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Lion Rock Country Park

Looming over the urban sprawl in the Hong Kong Special Administrative Region of China, Lion Rock Country Park is known for its culturally significant iconic lion-shaped crag. This park has 9 named peaks, the highest the most prominent of which is Lion Tail (495 m/ 1,624 ft).

Lion Rock Country Park, Hong Kong


Occupying an area of 557 hectares (1,376 acres), Lion Rock Country Park encompasses the narrow mountain range of Lion Rock that runs from east to west across a section of south-central Hong Kong. The park is dominated by a massive crag that resembles a crouching lion in profile, hence the name Lion Rock.

The southern slopes of the range are much steeper than the northern side. Apart from the peaks of Lion Rock, other hills in the park include Beacon Hill (459 m/ 1,506 ft) and Eagle’s Nest (305 m/ 1,000 ft) in the west as well as Unicorn Ridge (437m/ 1,434 ft) in the east.

The northern part of the park borders on Sha Tin district in New Territories, while the southern part lies in Kowloon next to the district of Wong Tai Sin. The park adjoins Kam Shan Country Park to the east and Ma On Shan Country Park to the west.

Although the hills in the park divide New Territories and Kowloon, the Lion Rock Tunnel that goes through the hills actually connects these two regions. The tunnel has been an important transport artery in Hong Kong since 1967.

Given its unmistakable shape and its visibility from the most urbanized areas in Hong Kong, Lion Rock is a major landmark in the city.

Lion Rock Country Park, Hong Kong


Lion Rock Country Park consists primarily of granitic rocks typical of the Kowloon area. However, granitic rocks in Hong Kong generally produce lower and gentler topography than other rocks on the island since they are more susceptible to erosion in this subtropical climate. The rugged and prominent Lion Rock stands out as an exception.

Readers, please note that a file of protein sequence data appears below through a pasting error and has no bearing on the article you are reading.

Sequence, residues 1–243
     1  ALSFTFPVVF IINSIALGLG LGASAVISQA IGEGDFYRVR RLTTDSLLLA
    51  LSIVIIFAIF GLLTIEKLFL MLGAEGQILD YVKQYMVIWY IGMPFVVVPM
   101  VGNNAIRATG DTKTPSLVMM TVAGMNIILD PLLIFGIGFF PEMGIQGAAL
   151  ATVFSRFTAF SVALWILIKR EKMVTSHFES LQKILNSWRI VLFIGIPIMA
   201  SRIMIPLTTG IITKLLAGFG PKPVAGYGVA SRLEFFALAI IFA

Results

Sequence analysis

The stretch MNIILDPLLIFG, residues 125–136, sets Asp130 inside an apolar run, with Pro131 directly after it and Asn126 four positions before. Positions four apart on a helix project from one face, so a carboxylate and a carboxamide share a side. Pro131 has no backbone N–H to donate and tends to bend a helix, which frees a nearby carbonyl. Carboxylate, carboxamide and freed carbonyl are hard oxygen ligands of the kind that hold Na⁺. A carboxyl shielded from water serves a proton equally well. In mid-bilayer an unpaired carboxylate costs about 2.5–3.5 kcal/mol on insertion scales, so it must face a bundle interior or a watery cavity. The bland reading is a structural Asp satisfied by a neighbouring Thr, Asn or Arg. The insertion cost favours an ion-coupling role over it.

The rocks in the area are medium-grained granite that formed from cooling magma about 140 million years ago, though they were intruded by a small amount of younger, fine-grained granite in the form of dykes and a thin capping around Lion Head. This is probably the reason behind Lion Rock’s resistance to weathering processes.

The crag that forms the lion is a surface outcrop of bedrock that is commonly seen on the summits and ridge crests of granitic peaks. The crag is barren, making it so that the rocks are clearly visible from the surrounding area.

Located on the northern slope of Lion Rock, the 15-m (49-ft) Amah Rock is another natural landmark in the city. This well-jointed granite tor, which looks like a statue, is a corestone left behind after the outer rock layers in the area weathered away.

Legend has it that Amah Rock was originally a woman whose husband traveled across the ocean to make a living. She climbed the hill with her baby on her back every day to wait for her husband’s return from sea, not knowing he had drowned. She and her baby were turned to stone so her spirit could unite with that of her husband.